Ghana startup sets up battery recharging stations in rural villages


[image credit:]

Rural residents use expensive, poor-quality batteries for power

In Ghana, where electricity reaches only about 16 percent of people outside major cities, residents rely heavily on batteries — to power the flashlights, radios, and cell phones that allow them to connect with the outside world and to work or study after sundown. But single-use batteries are expensive for people who often live on just a dollar or two a day.

A problem with the inexpensive throwaway batteries is that they leak and they can destroy devices. You can imagine the challenge that brings to people when an expensive torchlight or radio is damaged.

Solution: Startup sets up a rechargeable battery exchange program for rural villages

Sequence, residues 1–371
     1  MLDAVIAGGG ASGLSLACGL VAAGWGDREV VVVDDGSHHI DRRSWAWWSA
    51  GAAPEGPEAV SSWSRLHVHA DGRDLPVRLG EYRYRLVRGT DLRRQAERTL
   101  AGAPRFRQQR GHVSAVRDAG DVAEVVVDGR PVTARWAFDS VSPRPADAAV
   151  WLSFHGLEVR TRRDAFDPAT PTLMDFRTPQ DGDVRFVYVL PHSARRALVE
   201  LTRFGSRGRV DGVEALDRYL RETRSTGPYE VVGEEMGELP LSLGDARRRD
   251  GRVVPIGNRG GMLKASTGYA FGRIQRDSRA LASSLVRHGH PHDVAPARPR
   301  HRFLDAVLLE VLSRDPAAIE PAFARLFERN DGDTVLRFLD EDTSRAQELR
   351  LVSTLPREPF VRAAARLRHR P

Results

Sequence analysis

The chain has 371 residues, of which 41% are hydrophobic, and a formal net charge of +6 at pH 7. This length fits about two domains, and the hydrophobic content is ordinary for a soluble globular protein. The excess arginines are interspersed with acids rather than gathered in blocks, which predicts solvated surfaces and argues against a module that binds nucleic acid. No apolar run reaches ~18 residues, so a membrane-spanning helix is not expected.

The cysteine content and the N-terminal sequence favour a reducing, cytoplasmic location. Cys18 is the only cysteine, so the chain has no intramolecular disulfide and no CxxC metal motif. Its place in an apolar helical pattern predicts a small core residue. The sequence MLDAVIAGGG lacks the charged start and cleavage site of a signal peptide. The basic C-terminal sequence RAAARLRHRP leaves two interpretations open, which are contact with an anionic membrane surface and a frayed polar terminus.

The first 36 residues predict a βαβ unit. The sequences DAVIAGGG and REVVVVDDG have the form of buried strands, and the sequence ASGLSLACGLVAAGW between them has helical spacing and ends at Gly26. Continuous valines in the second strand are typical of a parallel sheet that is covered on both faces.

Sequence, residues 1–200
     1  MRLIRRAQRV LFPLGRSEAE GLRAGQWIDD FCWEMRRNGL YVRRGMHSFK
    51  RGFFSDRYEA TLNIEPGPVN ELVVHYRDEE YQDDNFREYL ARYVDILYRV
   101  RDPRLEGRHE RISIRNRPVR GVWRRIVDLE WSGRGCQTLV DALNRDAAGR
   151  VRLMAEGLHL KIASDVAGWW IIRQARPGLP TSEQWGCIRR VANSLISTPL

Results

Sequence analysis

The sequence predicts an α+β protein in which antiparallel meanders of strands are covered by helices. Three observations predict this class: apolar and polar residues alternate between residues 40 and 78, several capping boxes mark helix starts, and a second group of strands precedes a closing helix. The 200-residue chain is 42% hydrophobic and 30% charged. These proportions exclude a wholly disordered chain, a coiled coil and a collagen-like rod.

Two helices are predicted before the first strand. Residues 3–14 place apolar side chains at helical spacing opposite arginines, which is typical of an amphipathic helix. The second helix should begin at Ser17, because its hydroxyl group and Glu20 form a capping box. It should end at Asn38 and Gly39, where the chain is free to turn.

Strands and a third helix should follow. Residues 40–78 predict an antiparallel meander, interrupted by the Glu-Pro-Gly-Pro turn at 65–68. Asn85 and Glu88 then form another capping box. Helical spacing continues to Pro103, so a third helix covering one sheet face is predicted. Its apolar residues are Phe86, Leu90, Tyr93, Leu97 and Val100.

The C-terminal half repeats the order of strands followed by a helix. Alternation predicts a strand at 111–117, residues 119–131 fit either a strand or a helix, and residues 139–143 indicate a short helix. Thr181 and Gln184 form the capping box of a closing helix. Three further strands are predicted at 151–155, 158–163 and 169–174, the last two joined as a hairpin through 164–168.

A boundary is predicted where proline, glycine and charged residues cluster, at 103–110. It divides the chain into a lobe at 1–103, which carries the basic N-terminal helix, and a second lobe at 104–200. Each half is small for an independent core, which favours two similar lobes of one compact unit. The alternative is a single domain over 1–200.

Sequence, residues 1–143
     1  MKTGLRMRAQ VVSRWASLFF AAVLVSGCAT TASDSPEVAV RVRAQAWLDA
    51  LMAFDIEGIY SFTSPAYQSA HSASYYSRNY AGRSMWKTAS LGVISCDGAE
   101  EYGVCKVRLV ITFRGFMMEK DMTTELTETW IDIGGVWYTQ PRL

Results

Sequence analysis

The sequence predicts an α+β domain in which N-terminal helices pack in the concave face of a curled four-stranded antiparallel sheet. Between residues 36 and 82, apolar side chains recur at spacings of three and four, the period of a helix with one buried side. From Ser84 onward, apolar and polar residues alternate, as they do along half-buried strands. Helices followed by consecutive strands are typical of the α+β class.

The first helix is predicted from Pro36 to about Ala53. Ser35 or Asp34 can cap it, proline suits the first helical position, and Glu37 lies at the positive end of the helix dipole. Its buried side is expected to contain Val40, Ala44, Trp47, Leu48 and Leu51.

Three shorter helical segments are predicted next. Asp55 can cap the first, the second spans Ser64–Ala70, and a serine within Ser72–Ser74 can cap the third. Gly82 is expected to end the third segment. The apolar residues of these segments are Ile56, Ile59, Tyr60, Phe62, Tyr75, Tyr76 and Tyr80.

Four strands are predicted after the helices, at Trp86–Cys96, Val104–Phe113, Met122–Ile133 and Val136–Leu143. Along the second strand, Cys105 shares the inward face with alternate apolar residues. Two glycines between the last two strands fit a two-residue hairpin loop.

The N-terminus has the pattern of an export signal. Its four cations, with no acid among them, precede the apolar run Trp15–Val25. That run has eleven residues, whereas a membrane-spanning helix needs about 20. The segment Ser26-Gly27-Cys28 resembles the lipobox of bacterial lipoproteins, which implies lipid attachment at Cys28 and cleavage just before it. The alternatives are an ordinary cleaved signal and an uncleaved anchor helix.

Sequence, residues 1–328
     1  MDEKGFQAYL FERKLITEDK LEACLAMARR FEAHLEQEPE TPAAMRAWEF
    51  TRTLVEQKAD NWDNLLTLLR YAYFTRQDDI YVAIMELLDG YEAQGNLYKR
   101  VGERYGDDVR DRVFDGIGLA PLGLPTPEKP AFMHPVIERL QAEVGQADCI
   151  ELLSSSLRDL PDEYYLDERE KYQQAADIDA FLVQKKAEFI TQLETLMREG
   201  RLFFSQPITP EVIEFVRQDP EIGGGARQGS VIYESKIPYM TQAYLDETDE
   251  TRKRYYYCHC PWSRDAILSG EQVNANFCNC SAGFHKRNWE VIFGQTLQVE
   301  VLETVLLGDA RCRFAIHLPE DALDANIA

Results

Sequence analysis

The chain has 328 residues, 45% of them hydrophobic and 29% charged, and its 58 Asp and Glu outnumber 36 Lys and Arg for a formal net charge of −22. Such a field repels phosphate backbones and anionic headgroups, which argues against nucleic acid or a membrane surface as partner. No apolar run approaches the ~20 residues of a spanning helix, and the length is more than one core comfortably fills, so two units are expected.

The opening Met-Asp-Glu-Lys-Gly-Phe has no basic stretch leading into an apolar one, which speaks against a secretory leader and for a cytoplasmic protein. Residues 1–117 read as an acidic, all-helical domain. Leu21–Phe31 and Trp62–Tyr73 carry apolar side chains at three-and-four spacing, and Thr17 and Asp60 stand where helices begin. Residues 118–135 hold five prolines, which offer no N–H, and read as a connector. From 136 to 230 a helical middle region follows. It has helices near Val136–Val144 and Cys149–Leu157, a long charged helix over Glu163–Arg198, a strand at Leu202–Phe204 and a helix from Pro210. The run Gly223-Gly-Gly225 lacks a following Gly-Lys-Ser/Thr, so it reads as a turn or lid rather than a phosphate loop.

The dilemma inspired one Seattle-based entrepreneur, who decided that cheap rechargeable batteries could be part of the solution. Burro is a business that sells rechargeable batteries in the developing world, starting with a pilot program in Koforidua, Ghana, and sets up stations where they can be charged up at a fraction of the cost of buying new ones. In addition to being more affordable, the Burro batteries don't leak and are harmless if disposed in a landfill.

Once a week, each village on the route receives a visit from a Burro employee, who exchanges spent batteries for fresh ones. Villagers purchase small coupons they can use to pay for a battery swap.

Burro employees have noticed that the coupons are being used by villagers as an informal currency – one beneficial side effect of the program.

Read More

Category: Energy


Leave a Reply

Your email address will not be published. Required fields are marked *

Article by: Dave

Dave Cannon is a Seattle-based entrepreneur and consultant to nonprofits and small businesses. He loves Thai food and takes terrible photographs. You can follow him on Linkedin.
Read our latest compilation:

BluePrint: building a better food bank